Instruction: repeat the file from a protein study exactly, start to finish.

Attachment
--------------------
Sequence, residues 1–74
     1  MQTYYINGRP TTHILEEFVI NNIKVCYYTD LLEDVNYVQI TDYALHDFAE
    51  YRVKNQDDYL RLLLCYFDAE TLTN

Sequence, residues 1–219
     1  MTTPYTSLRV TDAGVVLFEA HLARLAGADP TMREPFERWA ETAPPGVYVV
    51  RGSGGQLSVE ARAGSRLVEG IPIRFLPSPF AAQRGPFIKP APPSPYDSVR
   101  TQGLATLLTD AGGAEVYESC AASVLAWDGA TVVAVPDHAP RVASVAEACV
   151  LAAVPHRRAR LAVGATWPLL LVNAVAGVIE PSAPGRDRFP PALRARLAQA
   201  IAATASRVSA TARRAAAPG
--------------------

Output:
Sequence, residues 1–74
     1  MQTYYINGRP TTHILEEFVI NNIKVCYYTD LLEDVNYVQI TDYALHDFAE
    51  YRVKNQDDYL RLLLCYFDAE TLTN

Sequence, residues 1–219
     1  MTTPYTSLRV TDAGVVLFEA HLARLAGADP TMREPFERWA ETAPPGVYVV
    51  RGSGGQLSVE ARAGSRLVEG IPIRFLPSPF AAQRGPFIKP APPSPYDSVR
   101  TQGLATLLTD AGGAEVYESC AASVLAWDGA TVVAVPDHAP RVASVAEACV
   151  LAAVPHRRAR LAVGATWPLL LVNAVAGVIE PSAPGRDRFP PALRARLAQA
   201  IAATASRVSA TARRAAAPG